A unique dining experience has been a recipe for booming business for one downtown Goshen venture.
According to a magazine poll, the food is even life-altering – in a good way, of course.
The venture is Venturi, a certified Neapolitan pizzeria and Italian-style restaurant located at 123 E. Lincoln Ave. The business is owned by local entrepreneurs Justin Venturi, Troy Pippenger, and Eric Kanagy.
Justin Venturi’s foray into the food world began after he graduated from Rutgers University. The New Jersey native studied at the Culinary Institute of America in Hyde Park, N.Y., and did an externship at Felidia’s, an Italian restaurant in New York City, where he baked bread and fell in love with the craft.
Venturi’s research led him to spend time at a New Jersey farm that had a wood-fired stove. Incidentally, it’s also where he met his future wife.
After moving to the Midwest, Venturi spent a year operating an eatery in Shipshewana before setting up shop in Goshen. He’d made friends with Kanagy, who encouraged the move to the Maple City.
“At the time, Eric and I were dabbling in falafel,” Pippenger said.
Venturi said that when he saw the Lincoln Avenue building that would be the restaurant’s future home, “it was kind of love at first sight.” The process of getting the restaurant ready for business took about six months, and then the pizzeria was ready to take off. Venturi opened in January 2011.
“We had our final approval from the health department on New Year’s Eve of 2010,” Pippenger said. “We opened right away on the first business day of the new year.”
Venturi instantly had a receptive public.
“We were really busy initially,” Pippenger said. The restaurant was open during the week of a First Fridays, downtown Goshen’s monthly festival and showcase, “and we were slammed right away,” Pippenger recalled. “Mostly I think it’s because we were unprepared for the volume.”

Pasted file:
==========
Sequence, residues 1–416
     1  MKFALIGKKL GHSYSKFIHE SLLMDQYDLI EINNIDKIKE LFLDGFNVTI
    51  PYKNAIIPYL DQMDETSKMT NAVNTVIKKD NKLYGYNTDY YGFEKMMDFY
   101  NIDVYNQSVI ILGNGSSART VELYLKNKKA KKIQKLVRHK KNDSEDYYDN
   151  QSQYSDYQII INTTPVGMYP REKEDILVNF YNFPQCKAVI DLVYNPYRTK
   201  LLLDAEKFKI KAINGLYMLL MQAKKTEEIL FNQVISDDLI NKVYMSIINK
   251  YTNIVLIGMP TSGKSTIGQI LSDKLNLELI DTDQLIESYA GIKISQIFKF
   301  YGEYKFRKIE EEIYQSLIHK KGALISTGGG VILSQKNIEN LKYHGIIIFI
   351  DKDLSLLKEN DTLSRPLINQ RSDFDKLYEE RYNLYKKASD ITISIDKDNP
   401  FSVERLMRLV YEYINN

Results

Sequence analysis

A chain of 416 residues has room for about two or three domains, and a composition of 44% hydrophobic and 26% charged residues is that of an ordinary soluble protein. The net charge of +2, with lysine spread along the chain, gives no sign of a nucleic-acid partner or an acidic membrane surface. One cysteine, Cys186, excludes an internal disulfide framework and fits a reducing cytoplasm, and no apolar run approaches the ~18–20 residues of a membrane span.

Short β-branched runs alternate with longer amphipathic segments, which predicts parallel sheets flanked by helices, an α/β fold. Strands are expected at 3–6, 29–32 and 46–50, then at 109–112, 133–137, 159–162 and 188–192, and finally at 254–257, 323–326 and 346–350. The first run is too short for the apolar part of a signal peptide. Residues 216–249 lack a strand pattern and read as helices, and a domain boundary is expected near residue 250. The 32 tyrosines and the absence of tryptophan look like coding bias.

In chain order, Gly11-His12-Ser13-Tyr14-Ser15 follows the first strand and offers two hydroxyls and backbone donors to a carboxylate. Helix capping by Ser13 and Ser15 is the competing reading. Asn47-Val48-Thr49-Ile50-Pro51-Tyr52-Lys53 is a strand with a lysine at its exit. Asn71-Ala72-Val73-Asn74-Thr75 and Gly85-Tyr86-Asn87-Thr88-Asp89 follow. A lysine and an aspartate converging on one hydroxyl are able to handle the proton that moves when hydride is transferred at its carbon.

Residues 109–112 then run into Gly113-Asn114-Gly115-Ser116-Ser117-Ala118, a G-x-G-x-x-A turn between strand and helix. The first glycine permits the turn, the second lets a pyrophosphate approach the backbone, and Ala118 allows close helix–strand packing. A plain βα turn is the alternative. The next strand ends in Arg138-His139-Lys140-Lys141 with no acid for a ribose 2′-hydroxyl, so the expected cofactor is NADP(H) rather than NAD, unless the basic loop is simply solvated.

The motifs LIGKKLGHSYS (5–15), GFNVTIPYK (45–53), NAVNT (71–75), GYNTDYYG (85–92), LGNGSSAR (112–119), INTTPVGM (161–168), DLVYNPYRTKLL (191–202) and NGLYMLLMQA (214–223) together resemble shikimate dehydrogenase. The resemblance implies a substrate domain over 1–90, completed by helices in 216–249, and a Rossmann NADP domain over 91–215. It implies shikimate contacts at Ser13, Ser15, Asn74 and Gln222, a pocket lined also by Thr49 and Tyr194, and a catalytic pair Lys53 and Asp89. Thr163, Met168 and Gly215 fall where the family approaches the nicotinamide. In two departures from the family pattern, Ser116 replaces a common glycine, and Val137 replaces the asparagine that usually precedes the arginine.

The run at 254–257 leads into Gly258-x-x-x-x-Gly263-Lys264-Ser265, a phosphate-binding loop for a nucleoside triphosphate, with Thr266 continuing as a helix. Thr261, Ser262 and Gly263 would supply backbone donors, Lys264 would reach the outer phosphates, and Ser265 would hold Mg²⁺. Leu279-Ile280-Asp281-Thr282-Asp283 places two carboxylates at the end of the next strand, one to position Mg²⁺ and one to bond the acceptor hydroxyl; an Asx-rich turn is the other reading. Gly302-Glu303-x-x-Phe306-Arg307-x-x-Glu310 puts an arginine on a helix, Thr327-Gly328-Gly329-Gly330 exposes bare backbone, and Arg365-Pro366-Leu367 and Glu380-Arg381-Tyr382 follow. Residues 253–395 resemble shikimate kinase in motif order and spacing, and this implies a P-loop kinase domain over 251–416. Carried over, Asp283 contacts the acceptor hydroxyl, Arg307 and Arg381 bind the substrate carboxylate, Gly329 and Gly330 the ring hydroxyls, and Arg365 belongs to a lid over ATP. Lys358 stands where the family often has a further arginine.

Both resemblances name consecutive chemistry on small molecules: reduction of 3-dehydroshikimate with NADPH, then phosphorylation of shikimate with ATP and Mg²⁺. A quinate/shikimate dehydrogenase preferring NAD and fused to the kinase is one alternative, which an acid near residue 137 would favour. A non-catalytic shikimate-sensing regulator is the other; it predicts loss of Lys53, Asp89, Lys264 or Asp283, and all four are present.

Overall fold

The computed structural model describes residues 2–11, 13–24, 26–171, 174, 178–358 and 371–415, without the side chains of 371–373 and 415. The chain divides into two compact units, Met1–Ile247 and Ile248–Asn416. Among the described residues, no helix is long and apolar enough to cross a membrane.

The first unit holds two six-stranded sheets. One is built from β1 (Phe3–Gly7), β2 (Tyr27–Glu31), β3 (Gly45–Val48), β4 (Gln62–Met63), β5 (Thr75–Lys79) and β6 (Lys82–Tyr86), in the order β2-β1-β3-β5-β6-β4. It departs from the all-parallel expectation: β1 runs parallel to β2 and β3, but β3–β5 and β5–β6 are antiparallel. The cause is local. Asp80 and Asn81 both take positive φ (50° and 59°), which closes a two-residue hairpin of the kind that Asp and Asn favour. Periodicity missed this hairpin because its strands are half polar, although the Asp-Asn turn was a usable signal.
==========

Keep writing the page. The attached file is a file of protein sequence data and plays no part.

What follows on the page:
Pippenger said the business has grown since its launch.
“It’s definitely built on its success over time,” he said. “Each year it’s gotten more and more successful.”
Count 2012 as one of Venturi’s banner years. That was when Esquire magazine announced the results of its online poll in search of “the most life-changing pizzeria in the country.” Venturi made the Top 15, sharing list space with restaurants from New York, Chicago, San Francisco, and elsewhere.
To this day, how the restaurant made the Esquire ranking is a mystery of sorts to the men behind Venturi — they didn’t wage a campaign to get on the list. Pippenger said he learned the restaurant had placed when he was checking his Facebook page and saw a “Congratulations, Venturi” post on his news feed.
So how did Venturi make the “life-changing” list? Credit satisfied customers happy to announce a job well done.
Part of what is keeping those customers satisfied are the Neapolitan offerings on the Venturi menu. And “Neapolitan” can’t be used on a whim. That designation arrives courtesy of the not-for-profit Vera Pizza Napoletana (VPN), based in Naples, Italy. According to Inside Indiana Business, VPN is the only group that “safeguards and promotes the culture of the real Neapolitan pizza worldwide.” In other words, VPN certification signifies the real deal. And Venturi is certified.
According to Justin Venturi, certification requirements include that the pizza is handmade from 00 flour, has tomatoes that come from the Naples region, has no sugar or oil in the dough, and is made in a wood-burning oven.
The quality of the food has made Venturi a hit in the Goshen community. In turn, that community has been integral to the restaurant’s success.
“The people,” Venturi said of why Goshen is a great place for the restaurant to be in business. “The community. Like, the most supportive community I’ve ever been around. For the most part, other business owners are friendly and willing to work with one another. I’ve never experienced that more elsewhere.”
“The community is tremendously supportive,” Pippenger said. “They seem very excited to support any new restaurant that opens downtown, and we’ve definitely felt that here.”
Asked for his thoughts on expanding the operation, perhaps to a larger location, Venturi focuses on the dining experience he wants to provide.
“I’m always afraid of overreaching and then sacrificing quality,” he said. “I know it’s frustrating for customers at times when there are long waits. But then you start to get too big and then there won’t be a long wait because no one wants to go there once the quality suffers. That’s my biggest concern, is making it manageable – making sure we have enough people who really care and continue to make quality food and provide quality service.”
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